|Galilei, Galileo Dialogues on two world systems 1661, tr. Salusbury, Thomas|
would never with his walking have arrived, if the Ship with its
motion had not wafted him thither.
A single move
able hath but onely
one natural moti
on, and all the
rest are by partici
SAGR. Tell me secondly. That motion, which is communi
cated to any moveable by participation, whilest it moveth by it
self, with another motion different from the participated, is it
necessary, that it do reside in some certain subject by it self, or
else can it subsist in nature alone, without other support.
SIMPL. Aristotle giveth you an answer to all these questions,
and tels you, that as of one sole moveable the motion is but one;
so of one sole motion the moveable is but one; and consequent
ly, that without the inherence in its subject, no motion can ei
ther subsist, or be imagined.
be made without
its moveable sub
SAGR. I would have you tell me in the third place, whether
you beblieve that the Moon and the other Planets and Cœlestial
bodies, have their proper motions, and what they are.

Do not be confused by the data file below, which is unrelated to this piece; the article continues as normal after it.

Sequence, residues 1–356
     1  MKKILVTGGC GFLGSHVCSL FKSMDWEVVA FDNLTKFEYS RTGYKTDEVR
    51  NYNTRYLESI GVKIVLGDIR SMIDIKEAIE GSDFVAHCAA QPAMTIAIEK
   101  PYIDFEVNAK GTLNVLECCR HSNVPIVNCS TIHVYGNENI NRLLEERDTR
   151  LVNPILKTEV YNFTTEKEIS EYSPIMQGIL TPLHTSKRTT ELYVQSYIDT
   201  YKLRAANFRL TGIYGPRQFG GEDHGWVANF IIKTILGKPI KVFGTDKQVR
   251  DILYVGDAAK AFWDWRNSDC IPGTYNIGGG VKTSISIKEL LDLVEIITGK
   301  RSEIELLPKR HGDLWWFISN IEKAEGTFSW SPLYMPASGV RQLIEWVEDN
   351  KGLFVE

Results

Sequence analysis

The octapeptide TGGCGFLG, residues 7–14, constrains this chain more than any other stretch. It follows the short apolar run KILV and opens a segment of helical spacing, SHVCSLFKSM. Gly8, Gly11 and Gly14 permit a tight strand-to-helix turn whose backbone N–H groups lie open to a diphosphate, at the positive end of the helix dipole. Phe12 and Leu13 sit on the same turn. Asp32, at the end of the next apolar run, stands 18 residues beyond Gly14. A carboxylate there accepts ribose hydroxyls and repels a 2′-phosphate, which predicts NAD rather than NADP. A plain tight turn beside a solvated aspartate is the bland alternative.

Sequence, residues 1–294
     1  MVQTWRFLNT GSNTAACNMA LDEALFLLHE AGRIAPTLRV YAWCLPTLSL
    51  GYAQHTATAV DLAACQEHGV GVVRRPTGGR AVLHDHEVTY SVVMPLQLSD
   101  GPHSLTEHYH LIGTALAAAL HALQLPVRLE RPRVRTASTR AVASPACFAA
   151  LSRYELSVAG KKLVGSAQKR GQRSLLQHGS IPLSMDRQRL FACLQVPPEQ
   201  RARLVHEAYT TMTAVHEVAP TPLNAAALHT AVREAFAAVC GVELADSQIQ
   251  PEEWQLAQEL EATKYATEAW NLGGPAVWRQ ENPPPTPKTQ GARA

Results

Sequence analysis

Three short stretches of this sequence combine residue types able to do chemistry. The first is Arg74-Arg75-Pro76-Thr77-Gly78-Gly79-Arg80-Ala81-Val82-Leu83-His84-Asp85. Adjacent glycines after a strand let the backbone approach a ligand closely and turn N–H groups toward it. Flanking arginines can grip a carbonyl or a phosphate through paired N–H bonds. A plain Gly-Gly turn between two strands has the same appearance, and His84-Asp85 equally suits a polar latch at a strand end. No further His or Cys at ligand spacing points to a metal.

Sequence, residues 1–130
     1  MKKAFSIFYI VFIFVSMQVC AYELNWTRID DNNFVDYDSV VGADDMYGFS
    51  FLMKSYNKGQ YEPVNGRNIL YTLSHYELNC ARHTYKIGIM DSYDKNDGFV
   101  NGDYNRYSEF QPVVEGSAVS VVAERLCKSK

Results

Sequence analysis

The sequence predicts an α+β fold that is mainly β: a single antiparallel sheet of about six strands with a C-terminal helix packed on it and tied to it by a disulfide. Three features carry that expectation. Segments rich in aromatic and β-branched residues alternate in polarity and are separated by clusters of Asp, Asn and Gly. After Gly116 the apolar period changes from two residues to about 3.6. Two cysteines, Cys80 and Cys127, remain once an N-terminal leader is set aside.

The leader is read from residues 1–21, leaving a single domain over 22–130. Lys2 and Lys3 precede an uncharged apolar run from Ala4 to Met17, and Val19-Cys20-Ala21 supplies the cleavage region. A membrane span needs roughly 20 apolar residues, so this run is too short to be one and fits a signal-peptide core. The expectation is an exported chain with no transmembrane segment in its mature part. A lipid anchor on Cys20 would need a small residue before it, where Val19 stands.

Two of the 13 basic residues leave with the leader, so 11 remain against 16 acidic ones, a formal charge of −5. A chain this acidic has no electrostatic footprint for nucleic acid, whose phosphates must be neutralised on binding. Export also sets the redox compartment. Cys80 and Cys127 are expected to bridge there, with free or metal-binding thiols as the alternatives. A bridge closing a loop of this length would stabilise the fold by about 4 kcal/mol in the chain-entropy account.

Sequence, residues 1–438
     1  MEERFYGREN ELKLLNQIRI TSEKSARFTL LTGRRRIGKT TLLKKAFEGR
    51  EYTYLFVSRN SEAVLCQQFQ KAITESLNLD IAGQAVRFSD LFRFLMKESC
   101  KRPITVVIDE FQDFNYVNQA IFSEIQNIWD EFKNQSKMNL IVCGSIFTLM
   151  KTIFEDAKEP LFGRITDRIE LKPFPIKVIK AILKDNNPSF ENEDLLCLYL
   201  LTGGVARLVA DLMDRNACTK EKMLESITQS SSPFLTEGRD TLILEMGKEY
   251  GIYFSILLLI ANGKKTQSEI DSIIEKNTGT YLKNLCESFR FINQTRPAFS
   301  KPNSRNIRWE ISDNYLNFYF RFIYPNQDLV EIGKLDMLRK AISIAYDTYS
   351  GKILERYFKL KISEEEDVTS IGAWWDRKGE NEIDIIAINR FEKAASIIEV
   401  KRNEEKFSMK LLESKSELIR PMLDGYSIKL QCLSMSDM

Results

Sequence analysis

SIMPL. They have so, and they be those according to which
they run through the Zodiack, the Moon in a Moneth, the Sun
in a Year, Mars in two, the Starry Sphere in those so many thou
sand. And these are their proper, or natural motions.
SAGR. But that motion wherewith I see the fixed Stars, and
with them all the Planets go unitedly from East to West, and re
turn round to the East again in twenty four hours, how doth it
agree with them?
SIMPL. It suiteth with them by participation.
SAGR. This then resides not in them, and not residing in
them, nor being able to subsist without some subject in which it
is resident, it must of force be the proper and natural motion of
some other Sphere.
SIMPL. For this purpose Astronomers, and Philosophers have
found another high Sphere, above all the rest, without Stars, to
which Natural agreeth the Diurnal Motion; and this they call
the Primum mobile; the which carrieth along with it all the in
feriour Spheres, contributing and imparting its motion to
SAGR. But when, without introducing other Spheres unknown
and hugely vast, without other motions or communicated raptures,
with leaving to each Sphere its sole and simple motion, without
intermixing contrary motions, but making all turn one way, as
it is necessary that they do, depending all upon one sole principle,
all things proceed orderly, and correspond with most perfect har
mony, why do we reject this Phœnomenon, and give our assent to
those prodigious and laborious conditions?
SIMPL. The difficulty lyeth in finding out this so natural and